"The Quake"--clean, as far as I know. Slight 'left' political bias.

Bill Wattenburg--somewhat shocking. Watch out for that one.

Kim Komando--A-OK. Same with the Crackerbarrel Show and some objective politics shows.

And on FM there's always NPR. NPR is clean, no uncensored swearing (although their bleep quality sometimes allows part of a word to be heard) or dirty humor, just news, and classical/jazz music.

What part of the country are you in, anyway?


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RE: Child listening to radio

I realized my sentence structure was misleading; it sounds like 'Phil Hendrie & the John and Ken show aren't as bad. I meant that Phil Hendrie IS bad, but John & Ken not as much.


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RE: Child listening to radio

What is wrong with dressing goth? It is just a little self expression. It wasn't that long ago I was these kids ages, and I was a skater with the long hair, big pants and tag shirts. All of my friends turned out OK. It is always something that adults don't like about kids. Just my .02

I do not think that you need to be worried about the radio, it is the same as brodcast tv, even better, their is no soft nudity.


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RE: Child listening to radio

That's what I was thinking--radio is a pussycat when compared to television, even broadcast television.


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RE: Child listening to radio

My son, age 9, has a radio and listens to what his dad listens to. Country. My son even sings to most of the songs.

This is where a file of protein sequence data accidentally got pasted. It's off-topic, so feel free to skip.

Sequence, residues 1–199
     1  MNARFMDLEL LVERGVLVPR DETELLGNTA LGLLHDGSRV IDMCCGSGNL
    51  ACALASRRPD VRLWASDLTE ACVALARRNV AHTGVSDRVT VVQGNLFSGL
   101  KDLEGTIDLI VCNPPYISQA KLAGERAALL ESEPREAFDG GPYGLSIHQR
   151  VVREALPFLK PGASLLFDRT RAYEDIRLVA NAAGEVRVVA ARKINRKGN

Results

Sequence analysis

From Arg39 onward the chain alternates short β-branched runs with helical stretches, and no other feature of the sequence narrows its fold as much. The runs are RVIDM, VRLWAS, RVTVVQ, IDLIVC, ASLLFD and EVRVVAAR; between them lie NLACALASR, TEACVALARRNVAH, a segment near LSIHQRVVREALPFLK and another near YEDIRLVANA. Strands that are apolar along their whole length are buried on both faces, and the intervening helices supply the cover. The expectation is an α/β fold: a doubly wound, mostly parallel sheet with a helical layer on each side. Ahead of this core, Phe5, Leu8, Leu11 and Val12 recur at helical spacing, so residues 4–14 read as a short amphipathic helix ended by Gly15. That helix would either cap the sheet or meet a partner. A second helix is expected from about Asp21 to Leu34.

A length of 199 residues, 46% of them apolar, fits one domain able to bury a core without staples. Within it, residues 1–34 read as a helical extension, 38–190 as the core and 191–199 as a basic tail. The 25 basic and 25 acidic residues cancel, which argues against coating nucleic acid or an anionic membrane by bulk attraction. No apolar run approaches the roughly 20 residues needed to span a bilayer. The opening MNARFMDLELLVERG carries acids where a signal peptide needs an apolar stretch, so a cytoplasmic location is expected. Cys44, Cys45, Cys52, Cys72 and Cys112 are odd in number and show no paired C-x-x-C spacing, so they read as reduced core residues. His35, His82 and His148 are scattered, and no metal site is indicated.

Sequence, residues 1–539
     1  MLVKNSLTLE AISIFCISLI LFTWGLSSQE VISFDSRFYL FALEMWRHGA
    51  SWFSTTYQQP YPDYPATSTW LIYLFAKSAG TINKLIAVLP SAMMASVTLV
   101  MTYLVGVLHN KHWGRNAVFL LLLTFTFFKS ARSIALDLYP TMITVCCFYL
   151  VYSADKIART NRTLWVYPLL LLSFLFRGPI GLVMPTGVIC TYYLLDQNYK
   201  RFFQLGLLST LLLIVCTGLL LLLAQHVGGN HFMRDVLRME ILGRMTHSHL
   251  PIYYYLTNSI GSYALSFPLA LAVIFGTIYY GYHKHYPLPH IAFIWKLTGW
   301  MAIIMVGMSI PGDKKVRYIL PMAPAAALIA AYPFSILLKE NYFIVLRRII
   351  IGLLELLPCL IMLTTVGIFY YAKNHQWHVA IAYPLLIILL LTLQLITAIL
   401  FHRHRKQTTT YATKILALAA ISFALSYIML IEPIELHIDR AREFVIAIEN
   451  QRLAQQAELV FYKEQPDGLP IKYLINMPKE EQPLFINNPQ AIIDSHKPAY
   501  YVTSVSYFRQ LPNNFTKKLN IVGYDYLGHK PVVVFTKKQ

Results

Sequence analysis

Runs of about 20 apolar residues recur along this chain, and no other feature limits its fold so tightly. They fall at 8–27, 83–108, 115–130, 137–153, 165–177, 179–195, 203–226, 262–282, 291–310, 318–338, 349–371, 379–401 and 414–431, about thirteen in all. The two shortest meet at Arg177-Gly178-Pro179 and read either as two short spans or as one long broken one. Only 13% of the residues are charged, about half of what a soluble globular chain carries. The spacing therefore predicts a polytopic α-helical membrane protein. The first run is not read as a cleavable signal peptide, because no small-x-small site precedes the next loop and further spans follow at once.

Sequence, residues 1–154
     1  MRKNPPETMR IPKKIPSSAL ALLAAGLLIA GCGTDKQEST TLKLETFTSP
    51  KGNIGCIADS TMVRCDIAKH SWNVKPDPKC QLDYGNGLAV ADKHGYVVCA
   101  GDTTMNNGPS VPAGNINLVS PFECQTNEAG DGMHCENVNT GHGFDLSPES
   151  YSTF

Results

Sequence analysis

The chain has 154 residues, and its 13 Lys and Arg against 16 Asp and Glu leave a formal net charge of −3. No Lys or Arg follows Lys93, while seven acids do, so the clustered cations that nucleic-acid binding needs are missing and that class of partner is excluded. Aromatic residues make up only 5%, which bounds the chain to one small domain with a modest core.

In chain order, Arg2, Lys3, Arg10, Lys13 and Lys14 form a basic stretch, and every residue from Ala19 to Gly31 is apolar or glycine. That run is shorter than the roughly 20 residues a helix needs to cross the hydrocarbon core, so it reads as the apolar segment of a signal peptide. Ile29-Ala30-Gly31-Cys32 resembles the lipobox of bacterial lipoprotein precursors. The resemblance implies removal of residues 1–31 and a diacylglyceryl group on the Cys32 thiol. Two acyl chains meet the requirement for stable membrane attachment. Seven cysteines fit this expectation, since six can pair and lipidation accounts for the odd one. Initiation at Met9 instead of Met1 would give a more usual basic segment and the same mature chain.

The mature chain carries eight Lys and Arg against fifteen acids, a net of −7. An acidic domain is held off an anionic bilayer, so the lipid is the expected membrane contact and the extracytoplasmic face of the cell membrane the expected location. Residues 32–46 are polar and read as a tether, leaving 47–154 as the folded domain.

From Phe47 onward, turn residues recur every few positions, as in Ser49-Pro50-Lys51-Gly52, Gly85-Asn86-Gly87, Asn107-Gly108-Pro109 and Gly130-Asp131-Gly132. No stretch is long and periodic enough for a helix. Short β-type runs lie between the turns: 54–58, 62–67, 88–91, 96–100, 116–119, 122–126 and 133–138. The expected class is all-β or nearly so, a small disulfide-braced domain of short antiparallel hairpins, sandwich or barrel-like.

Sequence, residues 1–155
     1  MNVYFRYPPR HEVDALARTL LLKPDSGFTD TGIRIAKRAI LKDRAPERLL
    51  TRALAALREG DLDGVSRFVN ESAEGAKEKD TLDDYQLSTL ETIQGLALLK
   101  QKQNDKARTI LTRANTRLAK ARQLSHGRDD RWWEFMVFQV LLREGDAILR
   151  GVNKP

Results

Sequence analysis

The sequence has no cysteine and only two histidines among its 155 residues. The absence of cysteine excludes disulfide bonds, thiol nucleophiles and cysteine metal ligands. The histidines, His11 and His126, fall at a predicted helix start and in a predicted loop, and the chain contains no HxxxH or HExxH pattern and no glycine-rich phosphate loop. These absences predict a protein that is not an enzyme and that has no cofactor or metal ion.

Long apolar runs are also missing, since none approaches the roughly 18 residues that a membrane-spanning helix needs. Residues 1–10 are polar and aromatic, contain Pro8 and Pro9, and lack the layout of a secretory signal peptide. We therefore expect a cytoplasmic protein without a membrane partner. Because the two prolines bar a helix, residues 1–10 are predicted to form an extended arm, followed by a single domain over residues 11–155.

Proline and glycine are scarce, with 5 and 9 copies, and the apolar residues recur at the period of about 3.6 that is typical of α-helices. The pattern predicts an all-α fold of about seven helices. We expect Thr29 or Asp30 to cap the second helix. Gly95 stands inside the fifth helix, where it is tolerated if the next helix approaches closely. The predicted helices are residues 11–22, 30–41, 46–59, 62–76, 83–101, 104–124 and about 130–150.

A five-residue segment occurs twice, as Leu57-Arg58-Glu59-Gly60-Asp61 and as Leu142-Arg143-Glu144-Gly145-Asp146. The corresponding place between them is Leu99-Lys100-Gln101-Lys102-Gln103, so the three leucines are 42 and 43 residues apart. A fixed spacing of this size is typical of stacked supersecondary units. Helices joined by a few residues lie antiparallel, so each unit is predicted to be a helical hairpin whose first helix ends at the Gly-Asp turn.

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RE: Child listening to radio

I have four kids. My 12 and 9 yr olds have radios. They were on all the time for a few weeks at first, but so many stations are so much talk and advertising, they soon got bored with it. So if you find she listens more than you'd like right now, wait it out, she'll likely get bored with it soon enough.

Meanwhile, maybe there is a Radio Disney station near you. I love it even for myself! It's too cute. There is some pop music and artists, and some kids recordings of pop music, some Disney music, funny talk appropriate for kids. They make CDs and sell in the stores, too, if she likes to use a CD player.

Here is a link that might be useful: Radio Disney


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RE: Child listening to radio

My daughter tuned the car radio to her stations so we could listen together -- and chat about them. Great parenting opportunity.

I don't care how kids dress, as long as they don't mutilate future body functions. Ahem. I do care how they treat themselves and others.

One of the sweetest, kindest people I know is a young mother with head-to-toe piercings and tattoos. If you saw her on the street (any street anywhere, trust me) you'd notice her. But she couldn't be more kind or more aware of the people around her.

I touch a lot of different circles in my volunteer life, and I have to say it keeps me grounded.

But back to topic -- there is a lot of questionable stuff clogging the air space. My attitude is more that it's a waste of time or arrogant or patronizing or unethical. The details of why I think this moves conversation with my daughter more so than blanket comments about something being "bad." Turns out she thinks along the same lines as well. But the most important thing is that I know what my 14 year old is thinking today.